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Deaths and infections from COVID-19 are no longer just an urban concern as the Oklahoma State Health Department reports new numbers and where they are coming from.

As of 7:00 a.m. Wednesday, April 15, 64 out of 77 Oklahoma counties show infection cases.

Out of those, 28 counties show deaths from the disease so far ranging across the state from Texas County in the panhandle to Latimer County in the southeast.

COVID-19 has come Oklahoma, not just its cities.

From the Oklahoma State Department of Health as of 7:00 a.m., April 15, 2020.

Here are the overall statistics from the OSDH Wednesday, April 15:

From the Oklahoma State Department of Health as of 7:00 a.m., April 15, 2020.
From the Oklahoma State Department of Health as of 7:00 a.m., April 15, 2020.

Cities still concerned

Oklahoma County still leads the way on numbers of cases and deaths among Oklahoma’s counties. Wednesday’s report showed that Oklahoma County has had 483 cases with 22 deaths.

Tulsa County is the next highest with 362 cases and 21 deaths.

Cleveland County that includes Norman in the extended OKC metro is the third highest with 294 cases and 18 deaths.

Disaggregated data

In their daily report Wednesday, OSHD showed even more disaggregated numbers as the agency struggles to get an accurate statistical handle on the situation in Oklahoma.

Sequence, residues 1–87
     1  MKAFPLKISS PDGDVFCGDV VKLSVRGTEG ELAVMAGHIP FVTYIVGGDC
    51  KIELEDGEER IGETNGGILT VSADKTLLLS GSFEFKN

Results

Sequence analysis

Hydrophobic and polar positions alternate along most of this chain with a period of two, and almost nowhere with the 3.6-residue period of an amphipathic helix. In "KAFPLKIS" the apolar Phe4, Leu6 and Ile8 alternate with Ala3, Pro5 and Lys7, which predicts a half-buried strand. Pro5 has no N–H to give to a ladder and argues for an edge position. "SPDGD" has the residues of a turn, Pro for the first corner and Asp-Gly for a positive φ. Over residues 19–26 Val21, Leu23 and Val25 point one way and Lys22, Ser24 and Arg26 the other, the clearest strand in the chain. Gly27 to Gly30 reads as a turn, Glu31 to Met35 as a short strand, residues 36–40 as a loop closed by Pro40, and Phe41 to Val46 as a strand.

The OSHD been working to get accurate testing information from private labs that were not reporting negative tests at first with eventual success.

Now, they have been working with tribes and other entities to collect data on deaths from the disease adding 11 deaths to their records that occurred from April 3 through April 13.

Four more deaths were added to the count that occurred in the last 24 hours totalling 15 added to the count in the Wednesday report.

Racial-ethnic backgrounds

Now the OSDH is reporting racial and ethnic background of COVID-19 cases.

Concerns continue to grow nationwide about the number of Black people who are suffering disproportionately mainly due to such a high percentage of that demographic working in essential jobs such as nursing and emergency response.

This is the racial/ethnic background reported Wednesday. As noted, 13.5% of reported cases did not report race and 16.9% did not report ethnicity.

From the Oklahoma State Department of Health as of 7:00 a.m., April 15, 2020.

According to Census data from 2013, Oklahoma’s racial and ethnic divisions were as follows

  • White: 65%
  • Black or African American: 10%
  • Native American: 6%
  • Asian: 2%
  • Pacific Islander: 0.1%
  • Two or more races: 5%
  • Ethnicity – Hispanic or Latino: 11%

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